1. Introduction
    2. 21.1 Planck and Quantum Nature of Light
    3. 21.2 Einstein and the Photoelectric Effect
    4. 21.3 The Dual Nature of Light
    5. Key Terms
    6. Section Summary
    7. Key Equations
    8. Chapter Review
      1. Concept Items
      2. Critical Thinking Items
      3. Problems
      4. Performance Task
    9. Test Prep
      1. Multiple Choice
      2. Short Answer
      3. Extended Response
  23. 22 The Atom
    1. Introduction
    2. 22.1 The Structure of the Atom
    3. 22.2 Nuclear Forces and Radioactivity
    4. 22.3 Half Life and Radiometric Dating
    5. 22.4 Nuclear Fission and Fusion
    6. 22.5 Medical Applications of Radioactivity: Diagnostic Imaging and Radiation
    7. Key Terms
    8. Section Summary
    9. Key Equations
    10. Chapter Review
      1. Concept Items
      2. Critical Thinking Items
      3. Performance Task
    11. Test Prep
      1. Multiple Choice
      2. Short Answer
      3. Extended Response
  24. 23 Particle Physics
    1. Introduction
    2. 23.1 The Four Fundamental Forces
    3. 23.2 Quarks
    4. 23.3 The Unification of Forces
    5. Key Terms
    6. Section Summary
    7. Chapter Review
      1. Concept Items
      2. Critical Thinking Items
      3. Performance Task
    8. Test Prep
      1. Multiple Choice
      2. Short Answer
      3. Extended Response
  25. A | Reference Tables
  26. Index

Section Learning Objectives

By the end of this section, you will be able to do the following:

  • Describe Newton’s third law, both verbally and mathematically
  • Use Newton’s third law to solve problems

Teacher Support

Teacher Support

The learning objectives in this section will help your students master the following standards:

  • (4) Science concepts. The student knows and applies the laws governing motion in a variety of situations. The student is expected to:
    • (D) calculate the effect of forces on objects, including the law of inertia, the relationship between force and acceleration, and the nature of force pairs between objects.

Section Key Terms

Newton’s third law of motion normal force tension thrust

Describing Newton’s Third Law of Motion

Teacher Support

Teacher Support

[BL][OL] Review Newton’s first and second laws.

[AL] Start a discussion about action and reaction by giving examples. Introduce the concepts of systems and systems of interest. Explain how forces can be classified as internal or external to the system of interest. Give examples of systems. Ask students which forces are internal and which are external in each scenario.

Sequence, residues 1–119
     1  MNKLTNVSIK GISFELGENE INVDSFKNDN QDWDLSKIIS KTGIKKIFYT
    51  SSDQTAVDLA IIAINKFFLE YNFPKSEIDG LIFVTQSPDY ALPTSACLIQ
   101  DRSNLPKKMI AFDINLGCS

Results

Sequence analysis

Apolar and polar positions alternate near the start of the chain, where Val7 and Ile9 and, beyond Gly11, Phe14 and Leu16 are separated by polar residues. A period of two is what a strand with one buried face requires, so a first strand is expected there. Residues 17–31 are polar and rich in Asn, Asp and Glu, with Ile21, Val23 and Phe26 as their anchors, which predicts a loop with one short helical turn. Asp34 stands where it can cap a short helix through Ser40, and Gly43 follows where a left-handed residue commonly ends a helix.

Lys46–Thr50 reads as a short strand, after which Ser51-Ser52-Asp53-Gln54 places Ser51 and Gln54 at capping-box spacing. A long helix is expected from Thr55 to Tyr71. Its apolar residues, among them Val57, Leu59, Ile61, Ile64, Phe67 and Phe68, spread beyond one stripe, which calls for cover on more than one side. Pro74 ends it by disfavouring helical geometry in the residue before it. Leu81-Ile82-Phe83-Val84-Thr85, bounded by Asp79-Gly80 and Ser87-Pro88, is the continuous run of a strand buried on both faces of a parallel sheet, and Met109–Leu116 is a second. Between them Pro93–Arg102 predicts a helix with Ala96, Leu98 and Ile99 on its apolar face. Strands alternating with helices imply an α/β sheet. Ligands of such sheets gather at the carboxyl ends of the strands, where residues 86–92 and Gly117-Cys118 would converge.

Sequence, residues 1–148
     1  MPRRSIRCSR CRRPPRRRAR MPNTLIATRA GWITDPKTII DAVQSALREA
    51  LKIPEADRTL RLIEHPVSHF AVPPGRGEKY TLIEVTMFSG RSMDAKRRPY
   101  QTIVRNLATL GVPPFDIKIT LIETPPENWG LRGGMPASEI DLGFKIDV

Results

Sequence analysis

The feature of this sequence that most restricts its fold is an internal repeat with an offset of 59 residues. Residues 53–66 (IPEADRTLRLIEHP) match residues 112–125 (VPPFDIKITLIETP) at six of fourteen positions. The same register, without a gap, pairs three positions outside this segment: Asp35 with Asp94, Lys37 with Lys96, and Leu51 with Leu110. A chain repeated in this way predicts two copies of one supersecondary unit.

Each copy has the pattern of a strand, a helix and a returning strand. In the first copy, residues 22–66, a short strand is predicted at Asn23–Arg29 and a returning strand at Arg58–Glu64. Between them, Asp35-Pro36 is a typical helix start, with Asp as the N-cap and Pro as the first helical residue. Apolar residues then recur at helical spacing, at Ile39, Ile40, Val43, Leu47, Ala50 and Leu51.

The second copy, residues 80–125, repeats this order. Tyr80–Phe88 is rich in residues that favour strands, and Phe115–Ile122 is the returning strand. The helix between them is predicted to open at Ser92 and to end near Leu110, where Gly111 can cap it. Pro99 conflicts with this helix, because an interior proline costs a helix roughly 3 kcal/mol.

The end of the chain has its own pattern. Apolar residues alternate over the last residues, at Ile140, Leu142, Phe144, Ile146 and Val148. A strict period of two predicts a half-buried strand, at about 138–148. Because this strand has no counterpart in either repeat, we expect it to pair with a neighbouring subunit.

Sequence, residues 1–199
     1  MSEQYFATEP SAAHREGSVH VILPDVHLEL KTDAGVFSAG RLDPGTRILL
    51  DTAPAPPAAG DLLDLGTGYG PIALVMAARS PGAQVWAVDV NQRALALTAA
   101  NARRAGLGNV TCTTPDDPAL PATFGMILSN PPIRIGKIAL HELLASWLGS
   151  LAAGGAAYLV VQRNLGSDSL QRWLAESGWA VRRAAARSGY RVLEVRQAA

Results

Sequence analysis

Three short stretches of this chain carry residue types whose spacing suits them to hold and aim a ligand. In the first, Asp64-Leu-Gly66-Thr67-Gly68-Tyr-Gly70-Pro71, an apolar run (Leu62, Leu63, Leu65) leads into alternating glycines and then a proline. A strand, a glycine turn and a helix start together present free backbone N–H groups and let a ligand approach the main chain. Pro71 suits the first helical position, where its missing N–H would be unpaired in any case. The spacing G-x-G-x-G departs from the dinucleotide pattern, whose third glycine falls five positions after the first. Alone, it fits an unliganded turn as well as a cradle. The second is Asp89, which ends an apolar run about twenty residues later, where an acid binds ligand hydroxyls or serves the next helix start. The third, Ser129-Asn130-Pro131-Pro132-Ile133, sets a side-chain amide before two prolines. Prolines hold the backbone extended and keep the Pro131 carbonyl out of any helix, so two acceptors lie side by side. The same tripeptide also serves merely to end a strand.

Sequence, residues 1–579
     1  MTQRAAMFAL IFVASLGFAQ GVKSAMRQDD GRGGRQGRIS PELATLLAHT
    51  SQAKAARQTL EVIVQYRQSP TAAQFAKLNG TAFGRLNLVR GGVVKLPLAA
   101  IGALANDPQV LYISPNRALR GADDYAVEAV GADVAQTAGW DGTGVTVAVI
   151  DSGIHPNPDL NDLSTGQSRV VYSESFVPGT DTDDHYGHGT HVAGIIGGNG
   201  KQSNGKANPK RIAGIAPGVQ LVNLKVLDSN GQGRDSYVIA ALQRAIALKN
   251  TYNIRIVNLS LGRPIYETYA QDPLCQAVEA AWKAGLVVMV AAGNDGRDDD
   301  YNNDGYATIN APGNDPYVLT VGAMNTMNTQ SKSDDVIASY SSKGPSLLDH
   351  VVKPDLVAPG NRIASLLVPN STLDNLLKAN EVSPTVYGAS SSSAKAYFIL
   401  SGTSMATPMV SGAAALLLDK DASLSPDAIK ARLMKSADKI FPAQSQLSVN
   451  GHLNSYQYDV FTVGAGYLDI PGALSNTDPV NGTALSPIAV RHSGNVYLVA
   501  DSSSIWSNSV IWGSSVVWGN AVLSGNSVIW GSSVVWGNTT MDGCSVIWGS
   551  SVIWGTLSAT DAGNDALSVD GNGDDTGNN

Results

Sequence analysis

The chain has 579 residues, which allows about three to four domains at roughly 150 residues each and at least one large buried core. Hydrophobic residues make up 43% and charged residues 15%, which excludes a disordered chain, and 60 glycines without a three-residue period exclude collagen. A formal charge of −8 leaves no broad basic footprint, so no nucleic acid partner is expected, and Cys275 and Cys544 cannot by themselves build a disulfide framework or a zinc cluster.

If you have ever stubbed your toe, you have noticed that although your toe initiates the impact, the surface that you stub it on exerts a force back on your toe. Although the first thought that crosses your mind is probably “ouch, that hurt” rather than “this is a great example of Newton’s third law,” both statements are true.

This is exactly what happens whenever one object exerts a force on another—each object experiences a force that is the same strength as the force acting on the other object but that acts in the opposite direction. Everyday experiences, such as stubbing a toe or throwing a ball, are all perfect examples of Newton’s third law in action.

Newton’s third law of motion states that whenever a first object exerts a force on a second object, the first object experiences a force equal in magnitude but opposite in direction to the force that it exerts.

Newton’s third law of motion tells us that forces always occur in pairs, and one object cannot exert a force on another without experiencing the same strength force in return. We sometimes refer to these force pairs as action-reaction pairs, where the force exerted is the action, and the force experienced in return is the reaction (although which is which depends on your point of view).

Newton’s third law is useful for figuring out which forces are external to a system. Recall that identifying external forces is important when setting up a problem, because the external forces must be added together to find the net force.

We can see Newton’s third law at work by looking at how people move about. Consider a swimmer pushing off from the side of a pool, as illustrated in Figure 4.8. She pushes against the pool wall with her feet and accelerates in the direction opposite to her push. The wall has thus exerted on the swimmer a force of equal magnitude but in the direction opposite that of her push. You might think that two forces of equal magnitude but that act in opposite directions would cancel, but they do not because they act on different systems.